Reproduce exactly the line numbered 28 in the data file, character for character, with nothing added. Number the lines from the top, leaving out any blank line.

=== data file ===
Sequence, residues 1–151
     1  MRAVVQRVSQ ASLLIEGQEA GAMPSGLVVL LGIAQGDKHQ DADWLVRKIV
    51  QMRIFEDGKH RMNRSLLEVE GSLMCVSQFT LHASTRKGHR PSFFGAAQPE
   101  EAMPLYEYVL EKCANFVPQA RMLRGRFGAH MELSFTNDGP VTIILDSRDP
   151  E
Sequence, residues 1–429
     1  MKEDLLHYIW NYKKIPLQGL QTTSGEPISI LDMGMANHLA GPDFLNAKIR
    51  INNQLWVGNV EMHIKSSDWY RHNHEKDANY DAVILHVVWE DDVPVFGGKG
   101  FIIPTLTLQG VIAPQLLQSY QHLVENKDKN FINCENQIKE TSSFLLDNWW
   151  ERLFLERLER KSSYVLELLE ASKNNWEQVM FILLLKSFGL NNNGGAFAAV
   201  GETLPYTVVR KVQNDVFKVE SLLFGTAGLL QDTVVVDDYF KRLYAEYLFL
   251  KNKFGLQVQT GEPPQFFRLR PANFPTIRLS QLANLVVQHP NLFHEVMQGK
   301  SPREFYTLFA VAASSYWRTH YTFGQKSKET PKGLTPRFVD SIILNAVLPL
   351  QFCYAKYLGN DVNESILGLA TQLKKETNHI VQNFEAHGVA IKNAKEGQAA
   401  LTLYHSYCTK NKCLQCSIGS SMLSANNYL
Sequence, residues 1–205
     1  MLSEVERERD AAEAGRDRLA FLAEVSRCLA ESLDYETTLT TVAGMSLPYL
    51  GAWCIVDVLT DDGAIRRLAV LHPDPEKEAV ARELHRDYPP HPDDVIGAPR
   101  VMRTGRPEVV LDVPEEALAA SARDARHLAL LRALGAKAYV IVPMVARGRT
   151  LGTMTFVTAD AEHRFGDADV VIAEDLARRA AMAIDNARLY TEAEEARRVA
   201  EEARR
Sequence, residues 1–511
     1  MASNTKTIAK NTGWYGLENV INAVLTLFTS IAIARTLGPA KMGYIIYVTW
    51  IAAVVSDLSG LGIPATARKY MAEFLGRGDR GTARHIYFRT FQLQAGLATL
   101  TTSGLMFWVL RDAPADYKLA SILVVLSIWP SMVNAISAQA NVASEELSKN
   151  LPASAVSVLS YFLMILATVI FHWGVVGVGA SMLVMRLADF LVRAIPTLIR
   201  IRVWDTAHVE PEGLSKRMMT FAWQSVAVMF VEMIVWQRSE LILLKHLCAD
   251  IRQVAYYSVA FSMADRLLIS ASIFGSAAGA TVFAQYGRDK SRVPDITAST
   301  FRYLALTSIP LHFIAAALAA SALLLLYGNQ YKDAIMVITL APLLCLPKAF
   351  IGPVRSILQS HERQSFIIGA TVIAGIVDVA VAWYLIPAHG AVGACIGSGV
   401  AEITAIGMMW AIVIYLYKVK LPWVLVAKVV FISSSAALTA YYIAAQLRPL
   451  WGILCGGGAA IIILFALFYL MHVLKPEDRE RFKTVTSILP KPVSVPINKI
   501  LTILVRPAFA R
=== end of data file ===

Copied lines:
   251  IRQVAYYSVA FSMADRLLIS ASIFGSAAGA TVFAQYGRDK SRVPDITAST